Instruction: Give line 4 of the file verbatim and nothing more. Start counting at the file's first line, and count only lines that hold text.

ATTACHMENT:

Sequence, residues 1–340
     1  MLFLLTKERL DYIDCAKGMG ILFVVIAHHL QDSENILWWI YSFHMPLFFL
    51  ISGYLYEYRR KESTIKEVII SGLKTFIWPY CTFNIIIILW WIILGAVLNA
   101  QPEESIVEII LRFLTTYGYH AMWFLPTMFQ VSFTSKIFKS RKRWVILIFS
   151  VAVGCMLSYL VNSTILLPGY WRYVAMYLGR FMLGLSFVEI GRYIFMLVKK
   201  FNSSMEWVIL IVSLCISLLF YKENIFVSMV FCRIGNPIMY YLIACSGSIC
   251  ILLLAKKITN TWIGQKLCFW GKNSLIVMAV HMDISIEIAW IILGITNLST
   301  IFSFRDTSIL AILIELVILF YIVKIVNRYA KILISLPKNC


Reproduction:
   101  QPEESIVEII LRFLTTYGYH AMWFLPTMFQ VSFTSKIFKS RKRWVILIFS